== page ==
1984 Draft Final Rankings

*Note: The Central Scouting Rankings are based purely on the interpretation of statistics in the NJFHL, interpretation of real life history, and personal opinion.  In no way has the writer seen the ratings of the players or should the comments be interpreted to necessarily be accurate interpretations of the ratings the junior players have or will have.
Final Mid-Season Player
1 1 Kirk Muller - Peterborough Petes
No change at the top of the rankings.  Muller is the complete package.  While he may not have the offensive skills of Mario Lemieux, who probably would have been #1 if not for missing 1/3 of the season, but he brings more.  Need a goal?  He scored 34 of them, 3rd in the draft class, including 15 on the power play.  Need a stop defensively?  Muller led everyone with 5 shorthanded goals.  How about some toughness and agressiveness?  Muller banged out 121 hits and 150 PIMs.  We don't project him to be an elite scorer, but make no mistake, this is a top line centre and future captain for any team that drafts him. 
2 2 Mario Lemieux - Shawinigan Cataractes
  Sublime offensive talent, but the injuries are a concern.  Do you use a top draft pick on a player who will score you 2 points a game, but you may only have in your line up for 50 games a season?  Or do you take the safe pick, someone who will play and contribute in all 84 games?  The talent is probably too much to pass up on and Lemieux will likely go #1.  And you can't blame any team for doing so.  Lemieux finished with 30 goals in 40 games.  He scored 13 on the power play and 3 more short handed.  He has a deadly shot, but you would like to see him use it more.  I mean, when you score on more than 1/4 of your shots, you should shoot as often as possible.  He is big enough that he won't get pushed off the puck, but will also use his size in the corners to usually come out with it.  Just too much talent there.    
3 7 Brett Hull - Saskatoon Blades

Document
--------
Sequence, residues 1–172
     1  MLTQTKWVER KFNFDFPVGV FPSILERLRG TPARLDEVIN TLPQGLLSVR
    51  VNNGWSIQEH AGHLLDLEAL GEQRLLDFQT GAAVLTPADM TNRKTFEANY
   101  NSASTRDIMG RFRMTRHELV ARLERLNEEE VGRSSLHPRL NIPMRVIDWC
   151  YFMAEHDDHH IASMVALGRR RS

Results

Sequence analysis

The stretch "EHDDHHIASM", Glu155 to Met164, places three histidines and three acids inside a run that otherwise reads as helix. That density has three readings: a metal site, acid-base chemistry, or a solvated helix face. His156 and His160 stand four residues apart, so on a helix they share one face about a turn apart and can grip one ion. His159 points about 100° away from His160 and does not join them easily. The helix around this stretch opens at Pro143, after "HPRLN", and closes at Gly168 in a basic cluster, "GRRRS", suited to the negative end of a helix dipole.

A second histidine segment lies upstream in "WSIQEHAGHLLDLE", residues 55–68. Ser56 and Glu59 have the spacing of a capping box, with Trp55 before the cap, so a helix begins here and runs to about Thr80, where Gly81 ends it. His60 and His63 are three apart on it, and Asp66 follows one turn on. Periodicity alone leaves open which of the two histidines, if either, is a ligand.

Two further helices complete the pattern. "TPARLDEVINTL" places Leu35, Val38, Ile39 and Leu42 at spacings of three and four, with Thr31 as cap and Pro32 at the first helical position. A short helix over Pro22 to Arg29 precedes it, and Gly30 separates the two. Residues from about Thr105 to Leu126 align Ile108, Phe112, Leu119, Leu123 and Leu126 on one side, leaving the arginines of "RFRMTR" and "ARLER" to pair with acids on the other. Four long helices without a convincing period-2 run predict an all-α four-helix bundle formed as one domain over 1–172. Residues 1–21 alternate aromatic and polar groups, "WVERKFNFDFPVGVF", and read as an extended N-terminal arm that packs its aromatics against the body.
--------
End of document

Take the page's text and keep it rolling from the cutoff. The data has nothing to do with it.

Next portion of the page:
The best pure sniper in the draft, Hull moves up 4 spots in the rankings after finishing the season with 40 goals, 3rd most in NJFHL history.  He was very consistent this season, scoring 19 goals in the second half, but what really changed was his play on the power play.  Hull sniped 8 of his 13 goals in the second half.  He continues to need work on his skating and his play away from the puck, but you don't draft Hull for his defensive play.  You draft him to score goals and do what it takes to do just that.  And that is what he does.  He hits to shoot the puck, he skates well enough to get into position to shoot the puck, he just shoots the puck.  Hull won't create much offense on his own, so team's may need to know they have a set up man to feed him the puck before drafting him, but for any team with that player, Hull could be the perfect complement.
4 12 Tony Hrkac - Edmonton Oil Kings
  Hrkac found his shot in the second half of the season, scoring 16 of them to finish just shy of 30 on the season.  18 of those goals were on the power play.  He continued to shoot from anywhere and everywhere, finishing as one of just two plays with 200+ shots on the season.  Hrkac also continued to play with an edge, finishing 3rd in hits among forwards.  Despite that, he only took 38 minutes in penalties, so he certainly didn't cost his team much.   The Oil Kings were an offensive juggernaut in the regular season, so some may think his numbers were inflated, but he did put up 15 points in 13 playoff games as well.    There are certainly doubters, but Hrkac has steadily climbed up the rankings from #26 to #12, and now to #4.  He may just be a slow developer.